Opinion: 'Scarface School Play' Video Not a Big Effing Deal
Filed under: Opinions
"Scarface School Play," the YouTube sensation of the week, wasn't the big effing deal that people thought it was. And we all just need to calm down.
It turns out that no school actually staged Brian DePalma's classic drug dealer movie as a play starring a pint size Al Pacino and mini Michelle Pfeiffer. The performance was a hoax perpetrated by Marc Klasfeld, who has directed music videos for Jay-Z and Avril Lavigne. I guess Klasfeld is a modern day P.T. Barnum -- he may not have fooled all of the people, but he certainly fooled some of them.
How did Klasfeld pull this off? Is he a genius? Nah. He just made a dopey video, put it on YouTube, and people believed the title. Because, as we all know, if something is on the Internet, it must be true.
Anyone who has seen a tape from a real school play should have been a little suspicious of the quality of this kiddie "Scarface." Even if you were fooled (no shame in that, I once looked up "gullible" in the dictionary), news that this was a professionally produced product came to light fairly quickly.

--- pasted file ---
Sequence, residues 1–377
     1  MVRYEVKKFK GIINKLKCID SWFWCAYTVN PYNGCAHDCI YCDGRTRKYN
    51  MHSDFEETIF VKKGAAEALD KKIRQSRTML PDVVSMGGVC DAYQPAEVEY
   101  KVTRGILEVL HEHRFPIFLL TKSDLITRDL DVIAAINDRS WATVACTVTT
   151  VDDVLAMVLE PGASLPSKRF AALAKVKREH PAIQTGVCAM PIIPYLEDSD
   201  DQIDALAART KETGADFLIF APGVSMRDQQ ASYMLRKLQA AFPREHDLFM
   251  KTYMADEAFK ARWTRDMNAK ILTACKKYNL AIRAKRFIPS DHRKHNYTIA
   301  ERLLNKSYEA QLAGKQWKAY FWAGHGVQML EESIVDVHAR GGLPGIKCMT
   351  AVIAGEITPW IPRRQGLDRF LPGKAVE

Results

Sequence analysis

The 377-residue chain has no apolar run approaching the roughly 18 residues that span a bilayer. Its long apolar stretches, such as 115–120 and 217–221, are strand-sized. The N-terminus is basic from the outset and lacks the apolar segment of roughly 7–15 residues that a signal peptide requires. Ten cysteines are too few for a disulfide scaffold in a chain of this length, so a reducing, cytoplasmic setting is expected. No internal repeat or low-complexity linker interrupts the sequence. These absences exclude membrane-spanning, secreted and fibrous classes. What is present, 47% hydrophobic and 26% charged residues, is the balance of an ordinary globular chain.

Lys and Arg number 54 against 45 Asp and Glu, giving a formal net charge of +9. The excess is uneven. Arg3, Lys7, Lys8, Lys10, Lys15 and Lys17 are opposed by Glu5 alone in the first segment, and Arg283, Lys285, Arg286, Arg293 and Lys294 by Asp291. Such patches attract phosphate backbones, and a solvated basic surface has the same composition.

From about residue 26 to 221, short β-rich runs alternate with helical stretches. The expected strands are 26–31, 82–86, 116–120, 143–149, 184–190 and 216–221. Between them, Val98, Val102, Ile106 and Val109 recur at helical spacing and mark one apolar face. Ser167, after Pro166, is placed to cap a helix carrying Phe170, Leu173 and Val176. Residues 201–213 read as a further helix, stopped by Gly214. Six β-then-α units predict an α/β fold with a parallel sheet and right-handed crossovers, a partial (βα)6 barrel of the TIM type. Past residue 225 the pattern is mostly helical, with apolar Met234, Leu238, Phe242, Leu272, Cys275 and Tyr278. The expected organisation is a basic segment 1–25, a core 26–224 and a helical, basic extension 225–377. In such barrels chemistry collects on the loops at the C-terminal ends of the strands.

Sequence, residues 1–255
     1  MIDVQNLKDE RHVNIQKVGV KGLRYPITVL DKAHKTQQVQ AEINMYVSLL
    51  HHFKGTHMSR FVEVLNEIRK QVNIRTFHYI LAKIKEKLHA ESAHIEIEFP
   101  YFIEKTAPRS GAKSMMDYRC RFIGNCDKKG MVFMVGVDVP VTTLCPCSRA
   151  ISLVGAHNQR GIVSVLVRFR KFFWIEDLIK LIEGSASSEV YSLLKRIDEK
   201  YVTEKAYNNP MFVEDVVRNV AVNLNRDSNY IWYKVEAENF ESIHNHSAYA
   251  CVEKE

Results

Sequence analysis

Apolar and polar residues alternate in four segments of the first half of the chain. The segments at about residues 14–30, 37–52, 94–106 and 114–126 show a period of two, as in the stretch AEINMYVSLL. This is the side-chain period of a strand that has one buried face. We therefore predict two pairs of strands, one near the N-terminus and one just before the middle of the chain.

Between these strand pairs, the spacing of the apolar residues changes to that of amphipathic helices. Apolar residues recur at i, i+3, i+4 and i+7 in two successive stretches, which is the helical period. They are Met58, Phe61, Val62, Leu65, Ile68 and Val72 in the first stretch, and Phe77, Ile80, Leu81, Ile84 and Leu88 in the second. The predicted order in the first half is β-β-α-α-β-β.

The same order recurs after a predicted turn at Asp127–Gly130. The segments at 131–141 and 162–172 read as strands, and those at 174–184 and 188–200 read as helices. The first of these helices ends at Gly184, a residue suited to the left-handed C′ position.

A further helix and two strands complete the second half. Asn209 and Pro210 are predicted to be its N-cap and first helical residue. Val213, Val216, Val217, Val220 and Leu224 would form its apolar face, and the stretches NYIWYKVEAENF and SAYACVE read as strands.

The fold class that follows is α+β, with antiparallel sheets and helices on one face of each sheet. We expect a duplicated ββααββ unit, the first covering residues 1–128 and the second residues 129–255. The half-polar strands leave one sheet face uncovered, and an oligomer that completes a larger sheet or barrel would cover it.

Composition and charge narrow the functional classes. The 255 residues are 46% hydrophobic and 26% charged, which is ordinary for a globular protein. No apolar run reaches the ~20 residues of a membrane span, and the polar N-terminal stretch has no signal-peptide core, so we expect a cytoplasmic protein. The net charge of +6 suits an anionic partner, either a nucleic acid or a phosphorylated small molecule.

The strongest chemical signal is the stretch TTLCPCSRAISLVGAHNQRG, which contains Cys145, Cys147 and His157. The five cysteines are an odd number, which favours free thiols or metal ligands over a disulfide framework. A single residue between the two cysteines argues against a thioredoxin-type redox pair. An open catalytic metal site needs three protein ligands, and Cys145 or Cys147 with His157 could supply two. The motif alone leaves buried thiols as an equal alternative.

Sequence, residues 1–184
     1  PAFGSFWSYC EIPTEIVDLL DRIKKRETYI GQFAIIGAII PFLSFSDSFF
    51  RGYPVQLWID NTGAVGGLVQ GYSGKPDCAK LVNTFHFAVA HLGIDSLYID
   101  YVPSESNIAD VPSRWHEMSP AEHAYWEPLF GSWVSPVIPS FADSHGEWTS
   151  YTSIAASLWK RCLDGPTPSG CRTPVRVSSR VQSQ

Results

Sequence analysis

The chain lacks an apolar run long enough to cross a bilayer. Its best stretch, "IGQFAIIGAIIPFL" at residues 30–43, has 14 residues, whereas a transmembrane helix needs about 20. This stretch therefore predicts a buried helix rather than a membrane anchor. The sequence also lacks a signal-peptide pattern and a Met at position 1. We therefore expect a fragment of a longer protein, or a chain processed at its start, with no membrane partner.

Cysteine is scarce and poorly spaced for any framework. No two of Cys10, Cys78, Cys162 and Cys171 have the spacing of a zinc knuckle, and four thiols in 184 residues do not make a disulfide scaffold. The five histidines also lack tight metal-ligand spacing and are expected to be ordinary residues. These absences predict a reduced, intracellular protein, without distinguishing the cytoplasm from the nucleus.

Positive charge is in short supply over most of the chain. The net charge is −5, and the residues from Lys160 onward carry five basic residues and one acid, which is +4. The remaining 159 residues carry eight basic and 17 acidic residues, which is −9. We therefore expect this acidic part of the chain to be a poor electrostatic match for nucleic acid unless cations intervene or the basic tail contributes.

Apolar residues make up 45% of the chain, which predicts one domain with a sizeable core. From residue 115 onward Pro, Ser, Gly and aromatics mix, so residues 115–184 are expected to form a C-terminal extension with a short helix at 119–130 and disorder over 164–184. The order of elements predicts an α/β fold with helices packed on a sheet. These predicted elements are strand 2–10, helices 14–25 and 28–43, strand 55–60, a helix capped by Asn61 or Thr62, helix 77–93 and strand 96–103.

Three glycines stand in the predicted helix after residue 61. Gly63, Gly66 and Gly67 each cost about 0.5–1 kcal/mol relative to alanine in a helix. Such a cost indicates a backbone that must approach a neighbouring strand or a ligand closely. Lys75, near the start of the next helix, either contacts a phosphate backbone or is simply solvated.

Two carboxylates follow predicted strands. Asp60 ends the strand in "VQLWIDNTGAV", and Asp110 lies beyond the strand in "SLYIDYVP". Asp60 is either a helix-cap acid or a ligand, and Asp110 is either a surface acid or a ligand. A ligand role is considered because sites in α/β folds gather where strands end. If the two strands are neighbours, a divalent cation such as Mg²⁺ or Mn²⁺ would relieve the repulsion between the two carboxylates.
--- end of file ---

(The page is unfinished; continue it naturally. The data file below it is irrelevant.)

Of course, that didn't stop people from getting very effing angry about it.
One commenter on a news site ranted about the horribleness of teacher's unions, saying because of them, a teacher who put on "Scarface" as a school play would never be fired. Had that person read the story before commenting, he or she would have discovered the video was a fake. But then the commenter would have had to come up with a new reason to be angry at unions, or political parties or something else.
When children are angry, we try to get them to think about why they are so upset, and to consider the possibility that perhaps the object of their frustration is not worthy of such a strong reaction.
Whatever you think of the "Scarface School Play" video, it certainly isn't something that should inspire the level of anger that it did. Even if it had been an actual school play, what does that have to do with teacher's unions?
The next time some video goes viral (something that has probably happened in the time you've been reading this story), take some advice from the great philosopher Dora the Explorer: Stop and think. Take a time out for a minute before you start raging against your computer screen. You might find that it's just not a big effing deal.
Watch the video and tell us what you think.
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Start by teaching him that it is safe to do so.